3. The phrase “Qad qaamatis salaah” which means “prayer is being offered” is said twice and is inserted after “Hayya ‘alaa khayril -amal ” which is repeated twice as well.

The prayers

Each of the prayers consists of a specific number of units (rakat). The dawn prayer has two units, the noon and afternoon prayers each have four units, the sunset prayer has three units, and the night prayer has four units. The simplest prayer to learn is the two-unit dawn prayer, which will be described here.

Once all of the preconditions above have been fulfilled, and the person intending to offer the prayer is facing the proper direction (qiblah), and a sincere intention has been made for that particular prayer (in this case the dawn prayer), then the prayer may begin. The hands are raised up to be parallel to the ears with the palms facing the direction of prayer and the following is said:

Allahu Akbar
Allah is the Greatest

The hands are then put down again to the sides of the body or rested on the thighs and the first chapter of the Quran (al-Fatiha) is recited.

Bismillah ar-Rahman ar-Rahim
In the name of Allah, the most Merciful, the most Compassionate.

Al-hamdu lillaahi Rabb al‘aalamin.
Praise be to Allah, the Lord of the Worlds.

Ar-Rahman ar-Rahim
The Merciful, the Compassionate.

Maaliki Yawm-id-Din
Master of the Day of Judgment.

Iyyaaka na’budu wa iyyaaka nasta’in
You alone do we worship, and from You alone do we seek help.

Ihdina-s-siraat al-mustaqim.
Guide us the straight path.

Siraat alladhina an’amta ‘alayhim ghayr al-maghdubi ‘alayhim wa laa adh-dhaalin.
The path of those whom You have blessed, not of those on whom is Your wrath, nor of those who have gone astray.

Next, another full chapter of the Quran must be recited. The example given below is the chapter entitled, “The Oneness of Allah.”[2]

Bismillah al-Rahman al-Rahim.
In the name of Allah, the most Merciful, the most Compassionate.

Qul huwa Allahu Ahad
Say, He is Allah, the One

Allah, the Eternal

Lam yalid wa lam yulad
He begets not, nor was He begotten

Wa lam yakun lahu kufwaan Ahad.
And there is nothing comparable to Him.

At this point, “Allahu Akbar” should be said and the person should bow, placing the hands on the knees and keeping the back horizontal to the ground. While bowing, the following should be recited:

Subhaana Rabbi al-Athim wa bihamdih.
Glory be to my Lord, the Great, and praise be to Him.

Then, one must stand up straight again and in the standing position, the following should be said:

Sami’a Allahu liman hamidah
Allah hears the one who praises Him.

Then “Allahu Akbar” is said, and the person prostrates (sajdah) on the ground. In sajdah, seven parts of the body must be on the ground, namely: the forehead, palms of both hands, knees, and tip of the big toes. The following must be said either once or three times:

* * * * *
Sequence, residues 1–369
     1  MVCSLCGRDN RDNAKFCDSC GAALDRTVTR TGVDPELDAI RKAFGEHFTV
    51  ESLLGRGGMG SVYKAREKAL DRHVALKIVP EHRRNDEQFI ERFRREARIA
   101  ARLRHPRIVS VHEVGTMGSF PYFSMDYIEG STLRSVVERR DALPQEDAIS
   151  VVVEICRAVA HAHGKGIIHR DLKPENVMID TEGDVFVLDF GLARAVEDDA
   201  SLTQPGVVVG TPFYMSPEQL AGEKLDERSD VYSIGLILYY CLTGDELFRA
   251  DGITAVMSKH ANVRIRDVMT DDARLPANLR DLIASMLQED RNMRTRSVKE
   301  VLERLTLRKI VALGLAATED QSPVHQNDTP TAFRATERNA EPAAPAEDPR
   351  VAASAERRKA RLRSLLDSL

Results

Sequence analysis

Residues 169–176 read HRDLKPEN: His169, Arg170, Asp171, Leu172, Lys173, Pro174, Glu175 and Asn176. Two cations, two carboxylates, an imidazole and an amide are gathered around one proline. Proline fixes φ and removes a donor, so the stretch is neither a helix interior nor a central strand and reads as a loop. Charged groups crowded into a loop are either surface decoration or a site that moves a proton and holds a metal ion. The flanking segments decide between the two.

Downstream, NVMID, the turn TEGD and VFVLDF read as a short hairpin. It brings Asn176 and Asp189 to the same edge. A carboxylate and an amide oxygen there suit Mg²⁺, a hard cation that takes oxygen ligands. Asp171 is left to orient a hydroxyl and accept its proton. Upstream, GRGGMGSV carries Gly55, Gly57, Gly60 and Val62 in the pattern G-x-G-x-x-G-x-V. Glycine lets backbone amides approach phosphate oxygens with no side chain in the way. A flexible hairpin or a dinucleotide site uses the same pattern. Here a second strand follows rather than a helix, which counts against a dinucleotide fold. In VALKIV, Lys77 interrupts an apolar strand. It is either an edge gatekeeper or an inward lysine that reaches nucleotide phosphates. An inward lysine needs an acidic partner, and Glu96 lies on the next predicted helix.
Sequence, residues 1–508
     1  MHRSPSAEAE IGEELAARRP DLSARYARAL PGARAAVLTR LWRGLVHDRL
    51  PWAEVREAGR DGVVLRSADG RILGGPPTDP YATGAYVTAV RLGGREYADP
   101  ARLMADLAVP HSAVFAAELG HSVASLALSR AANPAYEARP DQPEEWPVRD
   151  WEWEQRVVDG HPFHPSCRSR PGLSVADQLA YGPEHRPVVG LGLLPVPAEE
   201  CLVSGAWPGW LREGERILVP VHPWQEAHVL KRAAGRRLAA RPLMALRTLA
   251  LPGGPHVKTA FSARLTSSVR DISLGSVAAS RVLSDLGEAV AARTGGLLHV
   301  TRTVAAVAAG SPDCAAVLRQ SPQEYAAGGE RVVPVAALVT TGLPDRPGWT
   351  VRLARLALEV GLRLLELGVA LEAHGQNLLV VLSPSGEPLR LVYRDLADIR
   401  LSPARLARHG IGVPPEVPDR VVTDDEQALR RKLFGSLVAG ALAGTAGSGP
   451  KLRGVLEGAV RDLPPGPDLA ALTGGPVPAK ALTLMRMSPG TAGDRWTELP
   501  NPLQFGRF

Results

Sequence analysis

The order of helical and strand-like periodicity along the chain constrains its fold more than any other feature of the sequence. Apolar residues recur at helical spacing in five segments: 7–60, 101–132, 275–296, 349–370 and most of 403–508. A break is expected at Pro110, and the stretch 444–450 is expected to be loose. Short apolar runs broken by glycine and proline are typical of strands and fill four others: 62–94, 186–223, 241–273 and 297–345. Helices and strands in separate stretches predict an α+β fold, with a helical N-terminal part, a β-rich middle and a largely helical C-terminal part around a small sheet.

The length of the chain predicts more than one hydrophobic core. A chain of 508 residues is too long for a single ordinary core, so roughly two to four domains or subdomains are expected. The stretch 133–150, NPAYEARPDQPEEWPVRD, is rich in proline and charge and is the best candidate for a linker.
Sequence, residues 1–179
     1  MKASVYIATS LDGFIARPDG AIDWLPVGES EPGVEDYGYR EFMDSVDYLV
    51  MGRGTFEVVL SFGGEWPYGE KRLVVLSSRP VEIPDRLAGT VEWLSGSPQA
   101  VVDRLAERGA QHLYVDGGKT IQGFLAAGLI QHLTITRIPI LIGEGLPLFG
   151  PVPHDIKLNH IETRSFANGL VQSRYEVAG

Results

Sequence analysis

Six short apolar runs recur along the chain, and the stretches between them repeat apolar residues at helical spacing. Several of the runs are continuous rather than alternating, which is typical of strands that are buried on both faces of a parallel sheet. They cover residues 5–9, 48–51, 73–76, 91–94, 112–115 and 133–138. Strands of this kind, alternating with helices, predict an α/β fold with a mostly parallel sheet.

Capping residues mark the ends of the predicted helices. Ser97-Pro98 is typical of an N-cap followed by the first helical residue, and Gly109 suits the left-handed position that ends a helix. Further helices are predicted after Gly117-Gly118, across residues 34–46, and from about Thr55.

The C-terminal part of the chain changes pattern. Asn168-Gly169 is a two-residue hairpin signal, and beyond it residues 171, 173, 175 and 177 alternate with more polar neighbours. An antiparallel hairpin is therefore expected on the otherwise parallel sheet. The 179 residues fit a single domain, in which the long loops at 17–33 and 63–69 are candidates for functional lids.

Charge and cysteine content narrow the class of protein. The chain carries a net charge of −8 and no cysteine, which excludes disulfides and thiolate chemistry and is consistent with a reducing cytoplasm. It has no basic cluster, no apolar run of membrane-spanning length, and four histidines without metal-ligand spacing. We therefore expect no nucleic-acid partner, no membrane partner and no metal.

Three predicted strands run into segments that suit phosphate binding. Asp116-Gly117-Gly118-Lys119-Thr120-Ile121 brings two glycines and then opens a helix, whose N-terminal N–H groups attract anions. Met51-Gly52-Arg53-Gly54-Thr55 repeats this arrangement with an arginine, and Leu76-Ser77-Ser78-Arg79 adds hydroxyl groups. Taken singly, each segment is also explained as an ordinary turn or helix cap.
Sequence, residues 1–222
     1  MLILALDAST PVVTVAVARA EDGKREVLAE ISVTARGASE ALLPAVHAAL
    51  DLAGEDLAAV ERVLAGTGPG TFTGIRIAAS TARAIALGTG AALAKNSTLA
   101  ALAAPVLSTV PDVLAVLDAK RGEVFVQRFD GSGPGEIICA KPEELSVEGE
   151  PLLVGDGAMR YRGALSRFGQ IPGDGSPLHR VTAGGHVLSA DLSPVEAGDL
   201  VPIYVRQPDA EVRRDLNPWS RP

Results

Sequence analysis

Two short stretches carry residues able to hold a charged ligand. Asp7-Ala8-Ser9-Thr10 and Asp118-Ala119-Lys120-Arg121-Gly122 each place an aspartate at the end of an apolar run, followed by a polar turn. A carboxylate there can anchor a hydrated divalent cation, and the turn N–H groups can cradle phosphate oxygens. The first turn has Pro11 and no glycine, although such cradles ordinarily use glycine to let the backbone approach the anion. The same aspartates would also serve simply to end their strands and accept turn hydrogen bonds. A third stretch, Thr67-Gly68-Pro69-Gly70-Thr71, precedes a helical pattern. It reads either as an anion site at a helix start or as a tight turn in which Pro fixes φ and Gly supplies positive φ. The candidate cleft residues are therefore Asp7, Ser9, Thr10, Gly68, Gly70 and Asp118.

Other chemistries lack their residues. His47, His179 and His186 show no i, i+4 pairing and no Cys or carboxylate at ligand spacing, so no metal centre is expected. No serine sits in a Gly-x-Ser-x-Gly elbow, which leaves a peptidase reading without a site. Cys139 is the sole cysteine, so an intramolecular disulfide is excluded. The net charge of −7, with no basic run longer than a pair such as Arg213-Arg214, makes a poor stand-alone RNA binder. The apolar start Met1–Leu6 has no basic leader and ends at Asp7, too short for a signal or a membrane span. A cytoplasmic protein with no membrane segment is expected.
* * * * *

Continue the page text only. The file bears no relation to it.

Subhaana Rabbi al-a’laa wa bihamdih.
Glory be to my Exalted Lord, and praise be to Him

The person should then sit up on his or her knees, say “Allahu Akbar” and then say:

Astaghfirullaaha Rabbi wa atubu ilayh.
I seek forgiveness from Allah, my Lord, and turn towards Him.

Again, “Allahu Akbar” should be said and sajdah (as mentioned above) is repeated. Then, the person should sit up on his or her knees for a moment and say “Allahu Akbar” and then stand up and repeat the same process (e.g. recite the first chapter of the Quran; recite another chapter of the Quran, bow, and do the two sajdahs). Finally, sitting down again, the following must be said:

Ashhadu an laa ilaaha illa Allah, wahdahu la sharikalah wa ashhadu anna Muhammadan, abdahu warasuluh.
I testify that there is no god but Allah, alone without associate, and that Muhammad is His servant and messenger.

Allahumma salli ‘alaa Muhammadin wa aal-i Muhammad.
O Allah, bless Muhammad and the family of Muhammad.

Assalaamu ‘alayka ayyuha annabiy wa rahmatullahi wa barakaatuhu.
Peace be upon you, O Prophet, and the mercy of Allah and His blessings.

Assalaamu ‘alayna wa ‘alaa ‘ibaad allahi-s-saalihi.
Peace be upon us, and upon all the righteous Servants of Allah.

Assalaamu ‘alaykum wa rahmatullahi wa barakaatuhu.
Peace be upon you, and the mercy of Allah, and His blessings.

It is recommended that “Allahu Akbar” be pronounced three times by raising the hands to be parallel to the ears. This action concludes the two-unit prayer. However, it is recommended to follow the prayers with supplications or other recitations.

[1] This particular line is recommended not mandatory.
[2] Al-Tawhid, c.112.

Discovering Islam by Sayed Moustafa Al-Qazwini